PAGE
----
On a warm September evening in 1878, according to Caroline’s Miscellany and Victorian History, the Princess Alice paddle steamer was full of pleasure-trippers returning from Gravesend. As it approached North Woolwich Pier where many passengers were to disembark, a much larger collier came towards it. Two ships collided and the Princess Alice was almost cut in half. It sank within a few minutes and even those not trapped inside found themselves in a heavily polluted, raw-sewage-filled stretch of river, in the dark and wearing heavy clothes. Most of them could not swim and 600+ people tragically died.
This great loss of life in 1878 started the decline of the Rosherville Gardens. Note that it was possible that local pleasure gardens would in any case begin to go out of fashion, as soon as Londoners could afford train trips to seaside resorts.
Even so, soon after the ship sank, Charles Dickens Jnr was still writing fondly about leisure time activities was Dickens' Dictionary of the Thames, first published in 1879. Rosherville Gardens, he said, were popular and well-conducted gardens on the high road to the west of Gravesend, reached directly from the steamboat-pier. There was a constant succession of amusement throughout the day; dancing on the circular platform from 2 o'clock to 11 being a favourite feature. Besides the tea and shrimps so dear to the heart of the Gravesend excursionist, other refreshments of a more substantial and stimulating character could be obtained at very reasonable rates.
Harry Relph, who went on to make a sparkling career for himself as Little Tich the music hall comedian, made his very first stage appearance at the Rosherville Gardens at the age of 12. It was 1879. For the next 17 years he was the toast of the old Tivoli Theatre in the Strand. Then there was Drury Lane, his second home.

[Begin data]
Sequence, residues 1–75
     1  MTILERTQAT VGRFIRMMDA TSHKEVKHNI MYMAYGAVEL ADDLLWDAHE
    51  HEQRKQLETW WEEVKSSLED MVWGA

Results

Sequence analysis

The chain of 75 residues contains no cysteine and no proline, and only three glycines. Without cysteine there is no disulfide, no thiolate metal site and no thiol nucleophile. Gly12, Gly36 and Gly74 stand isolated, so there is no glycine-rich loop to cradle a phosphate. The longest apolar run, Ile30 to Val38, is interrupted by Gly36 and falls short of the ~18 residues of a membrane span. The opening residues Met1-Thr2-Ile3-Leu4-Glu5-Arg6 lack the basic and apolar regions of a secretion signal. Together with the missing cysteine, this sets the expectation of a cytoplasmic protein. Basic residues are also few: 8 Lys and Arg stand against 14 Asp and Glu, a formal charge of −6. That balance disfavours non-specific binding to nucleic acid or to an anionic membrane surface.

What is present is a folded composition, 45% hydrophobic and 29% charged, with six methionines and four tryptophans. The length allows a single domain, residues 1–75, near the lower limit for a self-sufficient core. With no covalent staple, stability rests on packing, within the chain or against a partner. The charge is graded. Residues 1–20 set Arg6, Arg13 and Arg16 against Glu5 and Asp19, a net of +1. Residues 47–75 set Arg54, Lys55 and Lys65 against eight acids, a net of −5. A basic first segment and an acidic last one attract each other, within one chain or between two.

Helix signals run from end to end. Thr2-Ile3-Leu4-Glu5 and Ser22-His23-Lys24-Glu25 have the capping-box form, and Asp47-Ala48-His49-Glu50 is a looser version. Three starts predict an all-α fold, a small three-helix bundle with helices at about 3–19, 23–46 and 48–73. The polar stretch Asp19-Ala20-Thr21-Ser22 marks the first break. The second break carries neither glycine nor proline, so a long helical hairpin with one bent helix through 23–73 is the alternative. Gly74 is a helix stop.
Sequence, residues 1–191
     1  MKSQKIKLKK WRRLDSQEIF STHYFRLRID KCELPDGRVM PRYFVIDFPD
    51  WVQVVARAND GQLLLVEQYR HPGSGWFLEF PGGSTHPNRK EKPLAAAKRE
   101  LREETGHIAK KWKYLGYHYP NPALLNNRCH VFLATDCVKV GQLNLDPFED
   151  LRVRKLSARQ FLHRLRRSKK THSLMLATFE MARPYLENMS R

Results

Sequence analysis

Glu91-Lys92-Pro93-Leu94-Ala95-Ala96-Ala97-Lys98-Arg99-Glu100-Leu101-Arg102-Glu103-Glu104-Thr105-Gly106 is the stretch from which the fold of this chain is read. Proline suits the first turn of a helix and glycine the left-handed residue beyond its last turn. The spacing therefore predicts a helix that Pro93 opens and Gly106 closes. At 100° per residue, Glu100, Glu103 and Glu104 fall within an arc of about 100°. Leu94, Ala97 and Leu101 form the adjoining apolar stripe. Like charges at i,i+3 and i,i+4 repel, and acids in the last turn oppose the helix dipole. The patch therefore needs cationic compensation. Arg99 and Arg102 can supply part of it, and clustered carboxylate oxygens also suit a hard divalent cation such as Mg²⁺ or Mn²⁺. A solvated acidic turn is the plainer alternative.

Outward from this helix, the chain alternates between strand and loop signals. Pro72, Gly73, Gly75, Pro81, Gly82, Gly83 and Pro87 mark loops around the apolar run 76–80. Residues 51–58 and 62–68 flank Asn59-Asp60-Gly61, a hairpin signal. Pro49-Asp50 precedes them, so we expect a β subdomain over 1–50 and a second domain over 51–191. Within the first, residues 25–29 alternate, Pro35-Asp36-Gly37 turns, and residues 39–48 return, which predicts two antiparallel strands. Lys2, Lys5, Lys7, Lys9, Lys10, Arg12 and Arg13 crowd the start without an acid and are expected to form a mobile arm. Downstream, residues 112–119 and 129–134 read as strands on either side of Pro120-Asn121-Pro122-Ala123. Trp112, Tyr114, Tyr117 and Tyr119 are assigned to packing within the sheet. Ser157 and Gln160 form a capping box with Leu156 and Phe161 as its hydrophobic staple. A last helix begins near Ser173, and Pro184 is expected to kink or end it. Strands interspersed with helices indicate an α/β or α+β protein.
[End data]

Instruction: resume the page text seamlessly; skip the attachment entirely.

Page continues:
Dickens added that the extent of the grounds, which were tastefully laid out and produced abundance of flowers, was 20 acres. There was a conservatory c200’ long, bijou theatre, maze, museum, baronial hall, used for dancing and particularly refreshments. There was a very good fernery and a bear-pit, and some to miles of walks were additional inducements to the excursion public. The peculiar situation of Rosherville, being old chalk quarry, lent itself admirably to the landscape gardener's art, and the result was a remarkably pretty and diversified garden, in which it was quite feasible to pass that Happy Day which in the advertisements was always coupled with the name of Rosherville.
In 1900 Rosherville went bankrupt and soon much of the equipment was sold off. In 1903, having been bought by some local businessmen, parts of the gardens were re-opened. The maze and the dancing platform were removed, the Bijou theatre became a restaurant, the outdoor stage was refurbished and called the Café Chantant, a small menagerie started up and most modern of all, films were shown in the Gothic Hall. But nothing could stop Rosherville from losing money and so the pleasure gardens finally closed as soon as WW1 broke out. Eventually the land was sold to W T Henley’s Cable Works.
During the time that Rosherville was hugely popular, people also wanted to visit the beach, maximising the pleasure from their day out in Gravesend. Even after Rosherville was closed down, the beach remained a popular leisure site.
Interested readers should find The Place To Spend A Happy Day - a history of Rosherville Gardens, written by Lynda Smith and published by the Gravesend Historical Society. Also see Kent Today & Yesterday for terrific photos of Gravesend which he kindly shared with me.
Cliff top platform and entrance, built 1869, photographed c1900